Although there is no evaluation about the difference between permanent and primary teeth in this study, Fischer et al. found that the concentrations of metals such as Pb and Cd were significantly higher in the deciduous teeth than in the permanent ones [36]. Other studies such as Attramadal et al. [37] reported similar levels of cadmium and zinc in deciduous and permanent teeth. The copper content varied little in deciduous teeth, but in permanent teeth, a wide variation in the copper levels was found. The content of lead in deciduous teeth was found to be higher than in the permanent teeth [37].

4.4. Jaw

The concentrations of zinc, cadmium, lead, and copper were 200.49, 0.98, 9.80, and 9.20 in the maxilla, and 263.14, 5.03, 28.16, and 6.89, in the mandible, respectively, however, the differences were not significant. Alomary et al. [24] reported that the concentrations of copper and cadmium in the maxilla were higher than the mandible, but the levels of lead and zinc in the two jaws were not different. Al-Haddad et al. [38] conducted a study on the concentration of cadmium, copper, and Fe, and noted that a limitation of their comparison was that the teeth were from different individuals and therefore did not reflect true differences between the upper and lower teeth.
Briefly, in this study, the mean concentrations of zinc, cadmium, lead, and copper were 245, 0.087, 7.66, and 5.33 µg/g, respectively. The concentration of zinc in this study was more than that reported by Asaduzzaman et al. [29], Tvinnereim et al. [8], and Pashmi et al. [27], who reported zinc concentrations of 3.99, 157, and 218.14 µg/g respectively. These differences could be because of various methods that each study used, for example, Asaduzzaman et al. [29] collected 50 separate human teeth from dental patients and Analysed them using inductively coupled plasma-mass spectrometry (ICP-MS). They concluded that the elevated concentration levels of heavy metals in tooth dentine reflect pollution from industrial emissions and urbanization. Tvinnereim et al. [8] analyzed 1271 samples of primary teeth using atomic absorption spectrophotometry (AAS), and concluded that metal concentrations in the primary teeth are affected by the presence of caries and roots, and by tooth group. Pashmi et al. [27] also used 108 sound primary teeth without pulp removal, and used flame atomic absorption spectrophotometry to analyze them.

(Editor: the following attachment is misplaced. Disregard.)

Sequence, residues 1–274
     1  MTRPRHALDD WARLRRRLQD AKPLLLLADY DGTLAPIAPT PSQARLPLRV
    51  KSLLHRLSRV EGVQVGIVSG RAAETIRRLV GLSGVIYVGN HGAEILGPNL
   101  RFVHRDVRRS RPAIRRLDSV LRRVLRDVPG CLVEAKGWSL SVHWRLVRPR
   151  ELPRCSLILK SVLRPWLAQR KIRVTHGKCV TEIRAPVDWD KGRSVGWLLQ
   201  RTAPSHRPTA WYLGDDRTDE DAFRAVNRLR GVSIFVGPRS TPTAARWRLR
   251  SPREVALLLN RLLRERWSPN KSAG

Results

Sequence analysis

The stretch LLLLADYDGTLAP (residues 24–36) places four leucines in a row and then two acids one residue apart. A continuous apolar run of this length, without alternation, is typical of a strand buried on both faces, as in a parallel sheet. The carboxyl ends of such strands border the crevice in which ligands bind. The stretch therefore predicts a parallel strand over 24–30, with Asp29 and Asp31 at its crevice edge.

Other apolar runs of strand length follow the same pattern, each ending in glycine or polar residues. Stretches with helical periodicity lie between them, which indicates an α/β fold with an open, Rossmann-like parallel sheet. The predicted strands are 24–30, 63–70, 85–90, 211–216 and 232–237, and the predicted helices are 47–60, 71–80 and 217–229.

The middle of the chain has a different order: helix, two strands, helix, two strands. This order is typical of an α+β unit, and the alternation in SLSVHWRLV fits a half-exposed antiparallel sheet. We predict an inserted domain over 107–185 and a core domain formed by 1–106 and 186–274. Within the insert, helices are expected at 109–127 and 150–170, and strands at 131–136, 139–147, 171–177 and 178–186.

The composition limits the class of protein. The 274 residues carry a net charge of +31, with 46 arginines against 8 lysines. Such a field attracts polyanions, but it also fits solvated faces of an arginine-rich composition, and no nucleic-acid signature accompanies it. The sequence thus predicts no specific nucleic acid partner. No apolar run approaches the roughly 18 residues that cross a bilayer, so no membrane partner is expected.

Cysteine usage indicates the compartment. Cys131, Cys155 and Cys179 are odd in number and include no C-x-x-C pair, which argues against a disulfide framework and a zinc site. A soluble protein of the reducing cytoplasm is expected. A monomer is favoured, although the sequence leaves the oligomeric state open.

Although the concentration of lead in this study was more than that reported by Asaduzzaman et al. [29] and Tvinnereimet al. [8], who reported lead concentrations of 2.10 and 1.37 µg/g, respectively, it was lower than what was reported by Alomary et al. [24], with 30.26 µg/g. Alomary et al. [24] collected 320 deciduous teeth from 5- to 12-year-old children and analyzed them for Pb, Cd, Cu, Fe, and Zn using inductively coupled plasma–optical emission spectrometry, which could be the result of differences between the reported concentrations.